__int64 to CString returns wrong values - C++ MFC

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I want to convert a __int64 variable into a CString. The code is exactly this

__int64 i64TotalGB;
CString totalSpace;
i64TotalGB = 150;
printf("disk space: %I64d GB\n", i64TotalGB);
totalSpace.Format(_T("%I64d", i64TotalGB));
printf("totalSpace contains: %s", totalSpace);

the first printf prints

"disk space: 150GB"

which it's correct, but the second printf prints randomly high numbers like "totalSpace contains: 298070026817519929"

I also tried to use a INT64 variable instead of a __int64 variable, but the result is the same. What can be the cause of this?

Here:

totalSpace.Format(_T("%I64d", i64TotalGB));

you're passing i64TotalGB as an argument to the _T() macro instead of passing it as the second argument to Format().

Try this:

totalSpace.Format(_T("%I64d"), i64TotalGB);

Having said that, thanks to MS's mess (ha) around character encodings, using _T here is not the right thing, as CString is composed of a TCHAR and not _TCHAR. So taking that into account, might as well use TEXT() instead of T(), as it is dependent on UNICODE and not _UNICODE:

totalSpace.Format(TEXT("%I64d"), i64TotalGB);

In addition, this line is wrong as it tries to pass an ATL CString as a char* (a.k.a. C-style string):

printf("totalSpace contains: %s", totalSpace);

For which the compiler gives this warning:

warning C4477: 'printf' : format string '%s' requires an argument of type 'char *', but variadic argument 1 has type 'ATL::CString'

While the structure of CString is practically compatible with passing it like you have, this is still formally undefined behavior. Use CString::GetString() to safeguard against it:

printf("totalSpace contains: %ls", totalSpace.GetString());

Note the %ls as under my configuration totalSpace.GetString() returned a const wchar_t*. However, as "printf does not currently support output into a UNICODE stream.", the correct version for this line, that will support characters outside your current code page, is a call to wprintf() in the following manner:

wprintf("totalSpace contains: %s", totalSpace.GetString());

Having said ALL that, here's a general advice, regardless of the direct problem behind the question. The far better practice nowadays is slightly different altogether, and I quote from the respectable answer by @IInspectable, saying that "generic-text mappings were relevant 2 decades ago".

What's the alternative? In the absence of good enough reason, try sticking explicitly to CStringW (A Unicode character type string with CRT support). Prefer the L character literal over the archaic data/text mappings that depend on whether the constant _UNICODE or _MBCS has been defined in your program. Conversely, the better practice would be using the wide-character versions of all API and language library calls, such as wprintf() instead of printf().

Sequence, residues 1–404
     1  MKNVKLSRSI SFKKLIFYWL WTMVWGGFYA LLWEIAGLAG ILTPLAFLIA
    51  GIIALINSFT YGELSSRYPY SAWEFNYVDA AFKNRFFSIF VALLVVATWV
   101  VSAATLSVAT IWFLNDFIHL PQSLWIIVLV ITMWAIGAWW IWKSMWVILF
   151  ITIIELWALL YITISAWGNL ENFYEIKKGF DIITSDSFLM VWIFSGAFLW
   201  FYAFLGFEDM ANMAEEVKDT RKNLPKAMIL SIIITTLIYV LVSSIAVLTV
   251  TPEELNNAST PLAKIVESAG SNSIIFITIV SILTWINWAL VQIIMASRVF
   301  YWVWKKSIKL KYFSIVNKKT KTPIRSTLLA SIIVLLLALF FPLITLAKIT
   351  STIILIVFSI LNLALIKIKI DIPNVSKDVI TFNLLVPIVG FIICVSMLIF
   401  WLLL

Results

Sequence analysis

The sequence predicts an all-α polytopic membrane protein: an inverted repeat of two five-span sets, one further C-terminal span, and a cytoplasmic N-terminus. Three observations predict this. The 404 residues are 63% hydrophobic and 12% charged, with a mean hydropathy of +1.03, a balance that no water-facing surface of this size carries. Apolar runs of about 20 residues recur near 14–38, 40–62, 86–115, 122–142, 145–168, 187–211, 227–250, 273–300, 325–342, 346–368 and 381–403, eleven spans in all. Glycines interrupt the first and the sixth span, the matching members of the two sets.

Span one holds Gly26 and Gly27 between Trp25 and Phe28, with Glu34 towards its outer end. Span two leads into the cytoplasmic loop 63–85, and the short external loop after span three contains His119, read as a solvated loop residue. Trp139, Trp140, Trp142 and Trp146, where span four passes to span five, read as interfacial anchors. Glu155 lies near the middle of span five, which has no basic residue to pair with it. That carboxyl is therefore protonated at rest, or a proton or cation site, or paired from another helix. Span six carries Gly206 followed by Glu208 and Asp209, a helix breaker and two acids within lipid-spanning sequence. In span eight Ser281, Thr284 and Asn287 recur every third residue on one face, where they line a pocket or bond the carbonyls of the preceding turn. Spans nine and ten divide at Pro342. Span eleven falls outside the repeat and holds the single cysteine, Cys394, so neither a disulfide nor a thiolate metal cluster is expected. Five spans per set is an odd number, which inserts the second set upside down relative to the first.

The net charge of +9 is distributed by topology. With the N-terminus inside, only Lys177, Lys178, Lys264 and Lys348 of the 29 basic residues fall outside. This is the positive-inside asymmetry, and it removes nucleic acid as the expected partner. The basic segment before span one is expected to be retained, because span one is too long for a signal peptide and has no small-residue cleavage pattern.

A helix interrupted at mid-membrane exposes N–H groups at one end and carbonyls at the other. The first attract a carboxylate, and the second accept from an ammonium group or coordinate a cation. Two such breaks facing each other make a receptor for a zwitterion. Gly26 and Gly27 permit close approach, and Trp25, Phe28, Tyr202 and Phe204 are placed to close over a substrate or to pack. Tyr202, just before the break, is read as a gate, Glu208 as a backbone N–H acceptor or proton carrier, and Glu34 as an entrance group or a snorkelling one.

__int64 to CString returns wrong values - C++ MFC, I want to convert a __int64 variable into a CString. The code is exactly this __​int64 i64TotalGB; CString totalSpace; i64TotalGB = 150; printf("disk space: %I64d​  I'm currently working on a MFC program that specifically has to work with UTF-8. At some point, I have to write UTF-8 data into a file; to do that, I'm using CFiles and CStrings. When I get to write utf-8 (russian characters, to be more precise) data into a file, the output looks like Ðàñïå÷

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try this

totalSpace.Format(_T("%I64d"), i64TotalGB);

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[PDF] C++ Language Reference, Object Lifetime And Resource Management (Modern C++). Objects Own false true char, wchar_t, char16_t, char32_t. __int8, __int16, __int32, __int64 Every variable, function argument, and function return value must (If you are using MFC or ATL, the CString class is also available, but is not part of the C++ standard.)  Javascript doesn't have a 64-bit integer type. Numbers will be represented by the Number type[^], which is a 64-bit double precision floating-point type. The largest integer that the Number type can store is 9007199254740992; anything larger than that will lose precision.

Comments
  • General advice: Stop pretending, that you were targeting Win9x. You aren't. Use CStringW in place of CString, replace _T and similar macros with an L prefix, and live a happy life ever after. In other words: CStringW totalSpace; totalSpace.Format(L"%I64d", i64TotalGB); wprintf(L"totalSpace contains: %s", totalSpace.GetString());.
  • @IInspectable I am now seeing it in the docs: "printf does not currently support output into a UNICODE stream." -- made an edit to reflect. quite a detail but important enough to note IMHO